Geographies of Sound
Sounding and Listening to the Urban Space of Early Modern Italy with a Contemporary Perspective
Luigi Collarile, Maria Rosa De Luca (eds)
- Pages: 304 p.
- Size:210 x 270 mm
- Illustrations:34 b/w
- Language(s):English, Italian
- Publication Year:2023
- € 120,00 EXCL. VAT RETAIL PRICE
- ISBN: 978-2-503-60676-7
- Forthcoming (Jun/23)
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This volume investigates sound as an element of urban space in early modern Italy.
Luigi Collarile teaches History of Church Music at the Bern University of the Arts and is currently research fellow at the Schola Cantorum Basiliensis (Basel). His publications cover different research areas: European sacred music, the musical life of early modern Venice, the soundscape of early modern Italy, music printing and publishing, and Renaissance music theory.
Maria Rosa De Luca is Associate Professor in Musicology and History of Music in the Department of Human Sciences at the University of Catania, where she presides over the master’s degree “Communication of Culture and Performing Arts”. Her research activity involves, above all, the history of music declined through a perspective of social history and historical soundscape studies.
Sound is an essential element of human experience. It is part of the complex semiotic system that enables human communities to orient themselves in time and space, to be informed, to participate in social life as conscious listeners, capable of deciphering and giving meaning to the collective action of the urban space in which they live. Deeper sound horizons reverberate at different levels on the sonic dimension of reality, contributing to a more complex semantic process of the collective civic rituality and the construction of institutional and individual sound identities. In order to investigate the urban soundscape, it is important to define the nature of the sound phenomena to be examined, but also the dynamics concerning their perception as part of complex anthropological processes. These perspectives can be considered from a historical point of view. The studies collected in this volume aim to investigate sound as an element of urban space in early modern Italy. They consider different phenomenologies investigated through innovative methodological perspectives. Particular importance is given to the sound of urban rituality, to its declinations and local connotations, to its ability to interact with public and private dimensions, to the social and aesthetic dynamics that regulate it, and to the definition of the sonic identity of early modern urban space.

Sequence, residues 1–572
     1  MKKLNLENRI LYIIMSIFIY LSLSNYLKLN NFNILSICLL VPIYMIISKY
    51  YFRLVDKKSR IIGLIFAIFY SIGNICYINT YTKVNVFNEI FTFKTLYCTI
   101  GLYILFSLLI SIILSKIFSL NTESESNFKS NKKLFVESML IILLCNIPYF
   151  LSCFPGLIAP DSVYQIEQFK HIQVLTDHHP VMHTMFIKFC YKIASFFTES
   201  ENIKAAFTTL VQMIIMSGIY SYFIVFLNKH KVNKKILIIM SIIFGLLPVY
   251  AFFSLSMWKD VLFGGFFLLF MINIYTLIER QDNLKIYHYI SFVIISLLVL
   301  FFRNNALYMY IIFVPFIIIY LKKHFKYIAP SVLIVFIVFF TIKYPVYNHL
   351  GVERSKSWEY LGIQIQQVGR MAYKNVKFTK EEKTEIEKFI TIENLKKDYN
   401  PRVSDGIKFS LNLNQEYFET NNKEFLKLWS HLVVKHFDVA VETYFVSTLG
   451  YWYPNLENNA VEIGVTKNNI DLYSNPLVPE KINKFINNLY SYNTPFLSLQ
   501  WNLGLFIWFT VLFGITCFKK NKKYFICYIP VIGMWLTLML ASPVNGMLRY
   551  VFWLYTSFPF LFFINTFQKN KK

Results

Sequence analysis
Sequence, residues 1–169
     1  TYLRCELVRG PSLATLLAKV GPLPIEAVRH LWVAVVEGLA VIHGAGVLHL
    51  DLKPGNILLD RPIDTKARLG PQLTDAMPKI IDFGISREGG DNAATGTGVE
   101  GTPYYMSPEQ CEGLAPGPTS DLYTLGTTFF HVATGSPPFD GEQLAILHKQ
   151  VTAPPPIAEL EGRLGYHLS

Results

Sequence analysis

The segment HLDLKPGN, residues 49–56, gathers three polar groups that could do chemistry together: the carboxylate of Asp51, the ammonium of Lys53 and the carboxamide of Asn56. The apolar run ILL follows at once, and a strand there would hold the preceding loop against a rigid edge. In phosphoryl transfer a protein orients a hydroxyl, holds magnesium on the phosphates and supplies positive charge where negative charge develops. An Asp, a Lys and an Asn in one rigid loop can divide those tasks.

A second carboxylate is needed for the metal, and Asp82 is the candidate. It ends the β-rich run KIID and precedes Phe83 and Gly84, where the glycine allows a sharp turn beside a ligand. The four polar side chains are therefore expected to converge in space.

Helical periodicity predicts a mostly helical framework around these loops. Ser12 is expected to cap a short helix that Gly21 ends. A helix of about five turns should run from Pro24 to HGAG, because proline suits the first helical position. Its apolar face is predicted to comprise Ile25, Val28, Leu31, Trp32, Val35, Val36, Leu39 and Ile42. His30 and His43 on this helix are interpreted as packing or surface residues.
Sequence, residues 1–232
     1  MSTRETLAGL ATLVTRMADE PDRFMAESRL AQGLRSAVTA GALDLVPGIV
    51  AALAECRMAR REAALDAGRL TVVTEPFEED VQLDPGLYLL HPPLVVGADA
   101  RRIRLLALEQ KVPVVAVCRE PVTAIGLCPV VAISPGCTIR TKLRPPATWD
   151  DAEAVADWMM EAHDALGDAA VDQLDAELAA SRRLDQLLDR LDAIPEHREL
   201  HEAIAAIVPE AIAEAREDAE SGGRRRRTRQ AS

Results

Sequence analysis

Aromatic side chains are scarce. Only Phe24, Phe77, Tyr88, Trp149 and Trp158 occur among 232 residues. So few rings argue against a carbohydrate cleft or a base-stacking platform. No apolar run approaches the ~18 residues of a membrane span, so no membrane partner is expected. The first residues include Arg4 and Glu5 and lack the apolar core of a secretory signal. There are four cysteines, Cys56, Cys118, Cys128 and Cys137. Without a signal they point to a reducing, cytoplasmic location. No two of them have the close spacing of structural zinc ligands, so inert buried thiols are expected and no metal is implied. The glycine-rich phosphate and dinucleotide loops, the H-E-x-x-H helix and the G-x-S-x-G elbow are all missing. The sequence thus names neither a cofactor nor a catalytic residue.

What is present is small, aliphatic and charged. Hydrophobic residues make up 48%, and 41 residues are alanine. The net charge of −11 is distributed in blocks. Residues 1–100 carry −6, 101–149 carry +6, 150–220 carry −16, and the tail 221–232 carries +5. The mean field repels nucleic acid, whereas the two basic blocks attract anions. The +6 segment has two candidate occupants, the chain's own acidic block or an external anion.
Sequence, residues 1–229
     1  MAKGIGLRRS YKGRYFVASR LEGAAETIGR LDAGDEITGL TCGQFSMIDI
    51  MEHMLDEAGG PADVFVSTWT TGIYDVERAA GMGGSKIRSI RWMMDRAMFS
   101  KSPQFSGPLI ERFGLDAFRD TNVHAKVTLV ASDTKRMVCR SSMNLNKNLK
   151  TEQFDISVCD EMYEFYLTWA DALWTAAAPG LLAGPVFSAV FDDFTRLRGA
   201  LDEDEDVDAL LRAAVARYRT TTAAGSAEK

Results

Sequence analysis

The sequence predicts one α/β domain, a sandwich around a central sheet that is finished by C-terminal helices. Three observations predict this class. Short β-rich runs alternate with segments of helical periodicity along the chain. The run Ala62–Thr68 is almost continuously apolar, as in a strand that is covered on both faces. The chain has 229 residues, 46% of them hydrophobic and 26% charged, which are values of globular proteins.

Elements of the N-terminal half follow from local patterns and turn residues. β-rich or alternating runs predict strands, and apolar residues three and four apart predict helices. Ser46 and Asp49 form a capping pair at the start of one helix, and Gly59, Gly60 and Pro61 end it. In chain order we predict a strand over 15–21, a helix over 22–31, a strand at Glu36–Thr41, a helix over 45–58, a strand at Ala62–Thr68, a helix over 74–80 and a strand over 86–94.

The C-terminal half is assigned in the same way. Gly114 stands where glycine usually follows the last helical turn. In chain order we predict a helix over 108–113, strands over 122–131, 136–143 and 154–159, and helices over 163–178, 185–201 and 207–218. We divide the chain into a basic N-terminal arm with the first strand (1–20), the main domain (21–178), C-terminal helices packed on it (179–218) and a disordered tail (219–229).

LUIGI COLLARILE & MARIA ROSA DE LUCA, Introduction
VALERIA DE LUCCA, Regulating Sound and Noise in Seventeenth-Century Rome
LUIGI COLLARILE, «Ephemerides itineris romani»: Experiencing the Sound of Italy in two Swiss Travel Diaries of the Seventeenth-Century
UMBERTO CECCHINATO, Suoni pericolosi. Musica sacra, emozioni e disciplinamento dello spazio sonoro nelle chiese venete della prima età moderna
ANGELA FIORE, Suoni, spazi, identità della Modena estense
GIOVANNI FLORIO, Celebrating the Prince from Afar: Echoes of the Jubilant «Terraferma» in the Orations to the Newly Elected Doges (XVI-XVII Century)
NICOLA USULA, Traditional Music in Seventeenth-Century Operas ‘alla Veneziana’: Intersections in the Italian Soundscape
ELIA PIVETTA, Forms of Circulation of Musical Knowledge in Eighteenth-Century Italy: Giambattista Martini’s «Risposta» to «abate Pavona friulano»
ANGELA FIORE, Urban Spaces and Sound Practices in Neapolitan Female Monasteries Between the Seventeenth and Eighteenth Centuries
MARIA ROSA DE LUCA, Ritualizing a Resilient City: Soundscape, Collective Performances and Construction of Urban Imaginary
GIUSEPPINA LA FACE BIANCONI, La musica come persecuzione. L’inquinamento musicale nelle città odierne